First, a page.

Elizabeth prepares for first-ever farmers market
Elizabeth officials and businesses are preparing for an historic occasion as the first farmers market in the borough takes place on Saturday.
“It's our first up at bat,” Mayor V. Ann Malady said. “Hopefully when people stop by and experience the event it may spark other vendors and individuals to participate. Our residents have really wanted this for the past couple years. I think it's a nice thing, and we'll see where that goes.”
The market is open on Saturday from 8-11 a.m. along Plum Street and scheduled for every Saturday through Sept. 20.
Intersections of Plum Street and Second and Third avenues will be closed from 7-11:30 a.m. for the market.
Five vendors signed up so far including DeCarlo's Market and Barton's Flowers and Bake Shop.
“It's great for the town,” Barton's general manager Tyler Barton said. “We're putting the borough of Elizabeth back on the map. We're an up-and-coming town. We're seeing other little businesses pop up in town, a lot of great little things going on.”
Barton will have baked goods, pastries, pecan rolls, breads, flowers and other items available at the market.
The flower shop's been in the borough for more than 30 years, but the bakery section is less than a year old.
Barton said the market will give people from all over a chance to see what Elizabeth has to offer.
“Hopefully it goes very well and brings some new business to the town,” Barton said. “I hope it turns out very well. I know it's the first one, and it's always hard to get through the first one.”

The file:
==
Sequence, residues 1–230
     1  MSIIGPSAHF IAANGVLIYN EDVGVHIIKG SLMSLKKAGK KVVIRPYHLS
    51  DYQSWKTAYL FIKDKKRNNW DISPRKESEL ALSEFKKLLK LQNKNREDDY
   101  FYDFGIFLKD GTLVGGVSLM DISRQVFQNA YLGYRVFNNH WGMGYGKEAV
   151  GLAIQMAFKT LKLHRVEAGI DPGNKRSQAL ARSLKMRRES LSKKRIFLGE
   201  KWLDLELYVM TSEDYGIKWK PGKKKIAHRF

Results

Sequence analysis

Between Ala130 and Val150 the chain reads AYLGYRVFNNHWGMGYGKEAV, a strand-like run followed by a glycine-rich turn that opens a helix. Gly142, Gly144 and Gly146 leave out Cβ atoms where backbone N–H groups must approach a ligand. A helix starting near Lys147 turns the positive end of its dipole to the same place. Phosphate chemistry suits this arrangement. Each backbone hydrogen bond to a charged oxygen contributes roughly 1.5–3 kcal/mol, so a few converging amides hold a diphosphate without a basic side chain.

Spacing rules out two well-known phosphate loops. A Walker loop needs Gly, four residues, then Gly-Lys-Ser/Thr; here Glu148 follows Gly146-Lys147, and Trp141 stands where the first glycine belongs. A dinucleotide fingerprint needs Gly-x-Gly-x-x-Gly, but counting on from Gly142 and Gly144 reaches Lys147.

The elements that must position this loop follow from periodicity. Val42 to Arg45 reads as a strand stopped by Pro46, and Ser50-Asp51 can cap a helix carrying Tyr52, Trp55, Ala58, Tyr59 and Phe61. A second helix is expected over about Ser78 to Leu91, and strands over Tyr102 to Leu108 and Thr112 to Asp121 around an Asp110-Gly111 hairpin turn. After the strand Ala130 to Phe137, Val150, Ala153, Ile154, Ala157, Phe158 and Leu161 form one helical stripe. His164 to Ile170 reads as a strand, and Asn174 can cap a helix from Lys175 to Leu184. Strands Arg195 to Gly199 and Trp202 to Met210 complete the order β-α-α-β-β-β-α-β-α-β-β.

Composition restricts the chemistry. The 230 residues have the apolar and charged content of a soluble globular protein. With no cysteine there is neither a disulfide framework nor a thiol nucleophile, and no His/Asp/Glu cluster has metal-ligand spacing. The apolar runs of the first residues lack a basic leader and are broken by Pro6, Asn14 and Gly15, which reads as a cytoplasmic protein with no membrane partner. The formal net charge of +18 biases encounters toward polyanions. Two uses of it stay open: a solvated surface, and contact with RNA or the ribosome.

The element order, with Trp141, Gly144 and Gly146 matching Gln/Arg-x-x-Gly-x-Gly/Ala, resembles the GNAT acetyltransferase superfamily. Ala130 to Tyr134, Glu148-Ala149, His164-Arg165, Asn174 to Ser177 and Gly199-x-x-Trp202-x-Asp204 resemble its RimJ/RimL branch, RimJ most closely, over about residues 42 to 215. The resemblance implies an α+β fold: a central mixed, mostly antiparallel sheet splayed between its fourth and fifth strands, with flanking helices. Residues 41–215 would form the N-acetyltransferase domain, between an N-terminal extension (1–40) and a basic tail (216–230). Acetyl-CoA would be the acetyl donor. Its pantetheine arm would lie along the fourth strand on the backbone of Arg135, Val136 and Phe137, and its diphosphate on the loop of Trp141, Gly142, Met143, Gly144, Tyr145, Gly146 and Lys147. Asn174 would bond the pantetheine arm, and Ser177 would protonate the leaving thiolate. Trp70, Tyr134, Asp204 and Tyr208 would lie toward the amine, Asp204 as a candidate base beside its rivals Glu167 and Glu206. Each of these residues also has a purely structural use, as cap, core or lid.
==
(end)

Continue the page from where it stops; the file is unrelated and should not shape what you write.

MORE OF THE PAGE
DeCarlo's Market owner Tony DeCarlo's son, Jay DeCarlo, is excited to be a part of the market.
“I'm happy that they invited me to come down,” Jay DeCarlo said. “I think it will take a little bit, but I think they'll do good. There's other communities that have (farmers markets). We've been in the community for 54 years and felt like it was something we should go do.”
They'll have all Pennsylvania-grown produce on display such as cucumbers, zucchini, tomatoes, eggplant and potatoes.
“I don't know what to expect,” Jay DeCarlo said about Saturday. “Hopefully everything goes well.”
Farmers market talks began in April under the organization of Habitat for Elizabeth, a group of retired residents including Malady.
“We love the town and it's been great to us,” Malady said. “We just want to get together and give a little something back. Our idea is to make things available in the borough for people who perhaps can't drive to an (out-of-town) market, and welcome people into the borough.”
Michael DiVittorio is a staff writer for Trib Total Media. He can be reached at 412-664-9161, ext. 1965, or firstname.lastname@example.org.
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